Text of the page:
Speaking of the excerpt, here it is!
(Not quite the beginning of the book, but I thought I'd start where Aurora's action does.)
Soft grass cushioned Aurora’s fall. She struggled to sit up, but her head spun from passing through the portal. Closing her eyes, she counted to ten. When the dizziness passed, she sat up and looked around. Xochitl’s car was nowhere to be seen, but the light from the moon and lamp posts made her realize that she knew where she was, the Fort Sherman Park. The wooden fencing and little fort structure brought back memories of her and her friends climbing the fort and going down the slide at night, when there were no kids around to point out that they were too big for that.
She peered around and saw no sign of Xochitl’s car. Had it gone off toward the lake or to the parking lot? She didn’t see any tire marks on the grass. Maybe she’d dropped from the portal in a different part of town since she and Xochitl weren’t connected when she jumped in after her. Hell, she didn’t even know if Xochitl had seen her running behind the Datsun.
Aurora scrambled to her feet and stretched, groaning as her back popped. At least she knew where Xoch’ would go. With no family here, Silas and Akasha were all she had. Well, she could possibly go to Sylvis’s parents’ place, or even Aurora’s, but that was doubtful. No one tolerated Xochitl’s weirdness more than Silas and ‘Kash. That’s why they all practically lived there until they moved to Seattle.
Music and laughter from a distance reached her ears. Aurora turned around and saw a glimpse of light from the beach ahead. Was there some sort of party going on over there? She perked up. Maybe someone there had a phone she could use. Hopefully Akasha hadn’t changed her number in the last six months.
As she crossed the park and came to the sidewalk and short concrete wall that separated the park from the beach, she had to do a double take. Instead of bikinis, shorts, and tank tops, the people there were decked out in tuxedos and fancy gowns. Tables were set out on the edges with fancy glasses and plates with slices of a big white cake. Now it made sense. This was a wedding party. She wondered if they’d needed a permit, or if you could just head out to the beach and do it. Maybe that was why it was going on at night, so they didn’t have sunbathers and kids and swimmers in their way.
Oh well. Someone would have a phone. And maybe they’d let her have a piece of cake and a glass of champagne. The munchies and cotton mouth were kicking in from that blunt she’d smoked with Beau. She hefted her leg over the short concrete barrier and hopped onto the sand.
As she neared the party, a man split off from the group and approached her.
Aurora sucked in a breath as he passed under the lights strung up around the area. He wore a tailored suit that clearly did not come off the rack and hugged a fit frame that she knew would be a work of art beneath the cloth. His hair was almost shoulder length, black and wavy, framing a face that could have been stamped on a Roman coin. Eyes the color of coffee bored into hers.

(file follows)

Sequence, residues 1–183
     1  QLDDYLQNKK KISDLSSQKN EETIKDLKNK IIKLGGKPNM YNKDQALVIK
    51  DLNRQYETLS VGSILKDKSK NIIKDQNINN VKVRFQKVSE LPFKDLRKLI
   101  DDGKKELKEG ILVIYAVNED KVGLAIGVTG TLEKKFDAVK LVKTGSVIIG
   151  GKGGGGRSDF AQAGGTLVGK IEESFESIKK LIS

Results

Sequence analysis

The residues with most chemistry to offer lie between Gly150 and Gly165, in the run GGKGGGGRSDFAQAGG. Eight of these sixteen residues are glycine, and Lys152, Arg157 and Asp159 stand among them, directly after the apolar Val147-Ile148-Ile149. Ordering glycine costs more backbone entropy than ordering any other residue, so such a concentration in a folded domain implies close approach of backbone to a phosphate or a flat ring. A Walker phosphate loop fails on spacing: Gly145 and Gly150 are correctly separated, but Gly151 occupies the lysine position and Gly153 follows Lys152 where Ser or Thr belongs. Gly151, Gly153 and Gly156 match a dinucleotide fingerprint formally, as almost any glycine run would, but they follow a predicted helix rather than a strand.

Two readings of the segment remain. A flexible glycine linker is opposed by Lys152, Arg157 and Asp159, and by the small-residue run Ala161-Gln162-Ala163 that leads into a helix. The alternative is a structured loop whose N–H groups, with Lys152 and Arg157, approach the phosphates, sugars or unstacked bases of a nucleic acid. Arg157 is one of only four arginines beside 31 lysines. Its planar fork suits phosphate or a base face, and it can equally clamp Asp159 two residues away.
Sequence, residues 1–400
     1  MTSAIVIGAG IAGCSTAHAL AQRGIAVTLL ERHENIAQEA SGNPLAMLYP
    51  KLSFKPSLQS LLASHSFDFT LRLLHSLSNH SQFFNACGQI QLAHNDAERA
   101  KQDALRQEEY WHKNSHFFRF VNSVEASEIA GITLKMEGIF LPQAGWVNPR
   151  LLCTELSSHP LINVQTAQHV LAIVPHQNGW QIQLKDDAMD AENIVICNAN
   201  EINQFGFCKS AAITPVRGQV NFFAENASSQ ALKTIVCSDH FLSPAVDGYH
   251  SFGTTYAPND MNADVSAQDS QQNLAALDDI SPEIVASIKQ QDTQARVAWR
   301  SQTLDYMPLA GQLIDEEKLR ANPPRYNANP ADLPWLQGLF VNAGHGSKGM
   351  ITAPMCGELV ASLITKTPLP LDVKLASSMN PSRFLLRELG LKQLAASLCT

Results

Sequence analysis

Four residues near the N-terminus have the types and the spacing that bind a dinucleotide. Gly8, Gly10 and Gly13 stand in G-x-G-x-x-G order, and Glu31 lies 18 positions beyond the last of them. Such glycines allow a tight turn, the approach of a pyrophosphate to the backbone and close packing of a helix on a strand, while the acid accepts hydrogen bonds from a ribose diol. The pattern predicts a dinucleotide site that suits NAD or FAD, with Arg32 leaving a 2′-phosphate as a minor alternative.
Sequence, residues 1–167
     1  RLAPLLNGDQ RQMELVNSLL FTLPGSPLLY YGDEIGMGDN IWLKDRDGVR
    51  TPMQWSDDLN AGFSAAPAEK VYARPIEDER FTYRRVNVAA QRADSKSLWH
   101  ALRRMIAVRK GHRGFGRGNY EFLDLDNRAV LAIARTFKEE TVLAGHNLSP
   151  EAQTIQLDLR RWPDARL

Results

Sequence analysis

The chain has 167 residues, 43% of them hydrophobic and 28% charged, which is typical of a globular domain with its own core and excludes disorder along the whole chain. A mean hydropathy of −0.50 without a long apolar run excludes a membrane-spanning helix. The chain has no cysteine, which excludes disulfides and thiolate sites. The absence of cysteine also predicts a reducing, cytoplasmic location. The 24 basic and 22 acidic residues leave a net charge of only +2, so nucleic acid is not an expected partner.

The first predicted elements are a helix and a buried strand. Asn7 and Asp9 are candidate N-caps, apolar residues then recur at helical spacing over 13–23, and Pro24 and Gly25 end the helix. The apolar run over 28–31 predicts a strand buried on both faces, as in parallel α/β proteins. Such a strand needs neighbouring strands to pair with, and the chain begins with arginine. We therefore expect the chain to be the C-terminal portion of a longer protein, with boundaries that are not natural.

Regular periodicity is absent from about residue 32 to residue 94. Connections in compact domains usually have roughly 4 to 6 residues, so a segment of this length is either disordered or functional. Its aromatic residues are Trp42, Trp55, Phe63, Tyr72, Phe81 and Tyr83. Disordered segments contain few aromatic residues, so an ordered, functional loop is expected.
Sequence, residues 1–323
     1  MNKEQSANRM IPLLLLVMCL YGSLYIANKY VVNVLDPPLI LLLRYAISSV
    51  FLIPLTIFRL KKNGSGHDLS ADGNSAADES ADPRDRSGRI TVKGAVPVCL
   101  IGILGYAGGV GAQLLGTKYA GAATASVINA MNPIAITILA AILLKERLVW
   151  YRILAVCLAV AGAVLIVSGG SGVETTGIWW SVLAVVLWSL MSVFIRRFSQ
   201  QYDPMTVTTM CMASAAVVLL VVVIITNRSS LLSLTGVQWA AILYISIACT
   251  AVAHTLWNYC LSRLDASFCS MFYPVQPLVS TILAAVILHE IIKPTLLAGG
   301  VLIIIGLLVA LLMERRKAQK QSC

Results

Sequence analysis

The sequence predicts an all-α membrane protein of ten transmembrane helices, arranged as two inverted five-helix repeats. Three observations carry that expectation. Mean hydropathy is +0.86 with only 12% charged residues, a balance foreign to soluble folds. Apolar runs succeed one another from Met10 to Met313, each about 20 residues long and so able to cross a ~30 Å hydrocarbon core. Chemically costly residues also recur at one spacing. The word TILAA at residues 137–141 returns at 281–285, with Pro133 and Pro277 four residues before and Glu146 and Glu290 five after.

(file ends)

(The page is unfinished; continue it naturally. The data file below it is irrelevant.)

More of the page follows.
When he spoke, her knees went weak at the rich timbre of his voice. “What brings you out to the beach at this hour?”
“I… um…” Aurora swallowed, trying to find sensible words. Not only was it impossible to say that she’d been dumped in the park by a portal, but it was hard to speak period to a man as luscious as this. And then came the old wariness as she remembered where she was. A town that was ninety-eight percent white… a town where about ten percent of those people hated her race. She peered back up at him, looking for that tell tale gleam of scorn or disgust at seeing a black person. All she saw was mild curiosity and something else that made heat flood to her belly. He wasn’t exactly checking her out, but there was some sort of interest there. “Um, you didn’t happen to see a blue Datsun station wagon come by here, have you?”
His inky black brows drew together at the odd question. “No. I haven’t seen a Datsun wagon in years. A few Zs and pickups, though, but not tonight.” He had a trace of an accent that she couldn’t quite place. Somewhere back east, definitely. The hot guy stepped a bit closer, his features growing even more gorgeous as he came more into view. “Are you all right? You look a little disoriented.”
She nodded in agreement. “I suppose I am. Would you happen to have a phone? I need to call a friend and see if they can pick me up.”
“Not on me, I’m afraid. It ruins the lines.” He smoothed his hands down his suit.
“And what fine lines they are,” she blurted. Heat rushed to her cheeks. “I am so sorry, I couldn’t help myself.”
He chuckled, a low, velvety sound that should be rated for mature audiences only. “Forget about it. I am flattered.”
Another wave of dizziness made her knees buckle for a second. Clearly interdimensional travel and being high didn’t mix.
The man grasped her shoulder with a firm, but gentle hand. “Hey, are you okay?”
She nodded. “Yeah, just had a dizzy spell. I forgot to have dinner.” No way was she revealing to this classy, hunk of sexy that she was kinda baked. Not to mention the whole dropping through a portal into the park.